I recently purchased yet another polyester onesy for my son to wear for Halloween. He assured me that this new ninja costume is way better than the ninja costume he wore last year, and it’s great to add to the already overflowing costume box. Children love wearing fabric made from coal and petroleum, and it makes mothers feel so good. Luckily, I already have next year’s costume figured out.
At the Catholic grade school my children attend, the third graders dress up as their favorite saint on All Saints Day. When my daughter was in third grade, I was campaigning for St. Pauli’s Girl, the patron saint of the beer buzz. Say what you will about the Catholics, they really do know how to get their party on, and I figured this saint would have “broad” appeal (sorry for the bad joke). My daughter wasn’t all that keen on the idea, so we settled on St. Helene, in honor of her maternal grandmother.
If dressing up like a saint sounds like a boring prospect, think again. There are over 10,000 Catholic saints, and this motley crew consists of some of the most macabre, strange, and downright crazy characters in history. These guys are better than Spider Man, Iron Man or any of the Star Wars characters combined. So who is in the running for my son? Here’s the short list. And the great news is these guys didn’t wear polyester, only natural fibers, for maximum softness and environmental friendliness.
St. Lawrence, Patron Saint of Cooks. No doubt we will include a jaunty chef’s hat and oven mitts. St. “Larry” was martyred by being roasted on a gridiron and famous for saying, “it is well done, turn me over”. Who doesn’t love a saint with a sense of humor?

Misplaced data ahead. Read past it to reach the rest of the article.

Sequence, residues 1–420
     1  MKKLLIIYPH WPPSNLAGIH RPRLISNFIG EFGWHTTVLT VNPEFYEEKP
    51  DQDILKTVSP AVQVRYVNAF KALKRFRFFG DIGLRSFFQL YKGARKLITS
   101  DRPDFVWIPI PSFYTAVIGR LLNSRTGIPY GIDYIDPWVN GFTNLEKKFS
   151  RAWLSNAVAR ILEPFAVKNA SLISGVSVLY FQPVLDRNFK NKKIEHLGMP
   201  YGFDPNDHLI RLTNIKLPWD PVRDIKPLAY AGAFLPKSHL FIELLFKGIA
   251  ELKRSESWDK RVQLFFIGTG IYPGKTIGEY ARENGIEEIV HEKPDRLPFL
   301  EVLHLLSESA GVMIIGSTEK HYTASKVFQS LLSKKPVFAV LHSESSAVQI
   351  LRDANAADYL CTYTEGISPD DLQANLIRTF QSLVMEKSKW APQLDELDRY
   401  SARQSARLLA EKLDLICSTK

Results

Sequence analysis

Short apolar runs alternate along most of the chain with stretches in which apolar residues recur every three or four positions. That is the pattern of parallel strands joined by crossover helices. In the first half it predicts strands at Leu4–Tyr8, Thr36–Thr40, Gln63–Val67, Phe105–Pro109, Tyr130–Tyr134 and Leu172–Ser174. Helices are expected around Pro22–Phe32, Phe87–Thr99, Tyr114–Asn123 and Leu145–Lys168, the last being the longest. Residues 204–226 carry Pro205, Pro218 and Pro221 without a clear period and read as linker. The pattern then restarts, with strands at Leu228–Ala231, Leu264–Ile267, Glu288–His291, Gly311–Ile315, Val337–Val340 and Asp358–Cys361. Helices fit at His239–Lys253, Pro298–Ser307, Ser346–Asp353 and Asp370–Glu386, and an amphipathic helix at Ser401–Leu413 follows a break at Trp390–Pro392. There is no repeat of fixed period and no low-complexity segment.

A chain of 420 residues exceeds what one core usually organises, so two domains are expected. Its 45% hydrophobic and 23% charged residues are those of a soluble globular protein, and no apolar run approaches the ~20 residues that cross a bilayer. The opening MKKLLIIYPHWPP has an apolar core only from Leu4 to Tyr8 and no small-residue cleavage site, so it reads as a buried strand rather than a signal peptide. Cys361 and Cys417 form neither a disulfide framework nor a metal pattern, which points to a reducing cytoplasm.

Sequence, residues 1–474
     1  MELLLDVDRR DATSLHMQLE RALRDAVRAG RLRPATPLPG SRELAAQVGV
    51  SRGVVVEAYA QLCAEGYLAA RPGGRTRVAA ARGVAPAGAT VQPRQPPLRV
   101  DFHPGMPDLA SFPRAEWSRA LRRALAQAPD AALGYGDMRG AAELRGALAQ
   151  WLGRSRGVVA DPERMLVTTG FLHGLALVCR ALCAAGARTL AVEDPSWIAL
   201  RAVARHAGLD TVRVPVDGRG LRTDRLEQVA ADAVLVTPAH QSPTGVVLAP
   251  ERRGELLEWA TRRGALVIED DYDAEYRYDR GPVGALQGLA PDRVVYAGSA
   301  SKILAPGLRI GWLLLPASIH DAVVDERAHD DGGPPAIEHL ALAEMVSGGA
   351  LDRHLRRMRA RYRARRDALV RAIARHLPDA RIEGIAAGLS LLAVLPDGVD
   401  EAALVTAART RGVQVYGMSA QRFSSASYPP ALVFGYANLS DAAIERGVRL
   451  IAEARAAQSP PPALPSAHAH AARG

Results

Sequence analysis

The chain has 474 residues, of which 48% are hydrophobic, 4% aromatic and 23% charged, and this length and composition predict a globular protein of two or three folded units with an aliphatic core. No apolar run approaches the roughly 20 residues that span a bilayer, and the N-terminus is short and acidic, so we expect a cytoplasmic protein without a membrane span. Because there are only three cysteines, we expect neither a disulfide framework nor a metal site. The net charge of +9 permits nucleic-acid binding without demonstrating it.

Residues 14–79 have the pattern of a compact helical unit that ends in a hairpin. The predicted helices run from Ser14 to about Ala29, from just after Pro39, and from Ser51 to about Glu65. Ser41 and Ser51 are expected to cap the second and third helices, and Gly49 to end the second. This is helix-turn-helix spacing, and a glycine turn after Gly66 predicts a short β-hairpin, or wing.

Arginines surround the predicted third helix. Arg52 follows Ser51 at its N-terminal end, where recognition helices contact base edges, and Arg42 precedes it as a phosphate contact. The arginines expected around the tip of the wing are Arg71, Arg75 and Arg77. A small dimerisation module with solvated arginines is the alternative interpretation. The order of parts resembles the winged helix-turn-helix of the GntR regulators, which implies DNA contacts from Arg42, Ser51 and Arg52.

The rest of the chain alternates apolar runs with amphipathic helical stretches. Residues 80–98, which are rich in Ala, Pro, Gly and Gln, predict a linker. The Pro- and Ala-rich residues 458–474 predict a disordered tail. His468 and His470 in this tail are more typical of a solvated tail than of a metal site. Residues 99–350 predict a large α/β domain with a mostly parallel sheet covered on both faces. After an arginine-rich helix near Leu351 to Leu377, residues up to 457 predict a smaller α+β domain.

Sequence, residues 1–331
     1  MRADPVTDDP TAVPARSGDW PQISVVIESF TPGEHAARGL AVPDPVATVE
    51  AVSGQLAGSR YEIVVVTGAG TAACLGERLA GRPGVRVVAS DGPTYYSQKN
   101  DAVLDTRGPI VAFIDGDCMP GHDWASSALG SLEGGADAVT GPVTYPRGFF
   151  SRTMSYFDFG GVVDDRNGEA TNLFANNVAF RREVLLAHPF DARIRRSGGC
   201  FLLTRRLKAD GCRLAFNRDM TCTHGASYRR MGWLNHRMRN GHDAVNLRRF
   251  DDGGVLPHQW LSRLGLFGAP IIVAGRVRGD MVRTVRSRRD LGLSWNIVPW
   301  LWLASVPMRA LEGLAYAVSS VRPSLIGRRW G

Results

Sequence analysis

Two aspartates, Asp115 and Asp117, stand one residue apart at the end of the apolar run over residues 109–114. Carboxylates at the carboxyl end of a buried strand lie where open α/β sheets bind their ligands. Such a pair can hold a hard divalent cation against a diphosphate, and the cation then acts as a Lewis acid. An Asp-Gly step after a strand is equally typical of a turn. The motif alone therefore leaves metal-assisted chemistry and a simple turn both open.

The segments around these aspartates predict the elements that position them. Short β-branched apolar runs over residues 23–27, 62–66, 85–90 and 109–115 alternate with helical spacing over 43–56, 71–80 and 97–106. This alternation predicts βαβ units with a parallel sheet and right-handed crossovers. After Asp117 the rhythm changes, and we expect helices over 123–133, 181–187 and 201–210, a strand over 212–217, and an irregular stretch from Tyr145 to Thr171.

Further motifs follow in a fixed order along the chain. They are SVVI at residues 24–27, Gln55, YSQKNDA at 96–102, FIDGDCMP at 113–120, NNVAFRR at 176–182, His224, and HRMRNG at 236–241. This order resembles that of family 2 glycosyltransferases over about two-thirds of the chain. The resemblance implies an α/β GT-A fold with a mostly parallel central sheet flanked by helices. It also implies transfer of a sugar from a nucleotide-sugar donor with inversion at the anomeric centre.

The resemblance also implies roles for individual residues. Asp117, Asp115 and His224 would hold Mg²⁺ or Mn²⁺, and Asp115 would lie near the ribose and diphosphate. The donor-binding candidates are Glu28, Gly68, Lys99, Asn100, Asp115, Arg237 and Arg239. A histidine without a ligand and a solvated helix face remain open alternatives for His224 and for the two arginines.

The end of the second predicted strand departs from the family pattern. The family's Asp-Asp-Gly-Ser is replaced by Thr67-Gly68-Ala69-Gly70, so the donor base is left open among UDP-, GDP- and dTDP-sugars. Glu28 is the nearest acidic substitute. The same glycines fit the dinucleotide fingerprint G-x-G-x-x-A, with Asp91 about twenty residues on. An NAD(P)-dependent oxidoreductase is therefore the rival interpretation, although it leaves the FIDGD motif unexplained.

Santa Claus as “Pimp Daddy”, rocking the fur on the collar and cuffs. St. Nicholas dropped three bags of gold down the chimney of a poor man to provide as dowry for the man’s three daughters, saving them from a life of prostitution. Apparently career options were limited for unmarried women in the 3rd century A.D.
And finally, my personal favorite, St. Polycarp, the patron St. of Diarrhea. Typical martyr story, he was burned at the stake but didn’t die, so they had to stab him with daggers. Why he gets the dubious honor of patron saint of massive colon blowouts, is a mystery. As we know, the Lord works in mysterious ways, and Catholicism in out-right weird ways. But what an easy costume to assemble. A white toga with strategically placed brown stains. Done.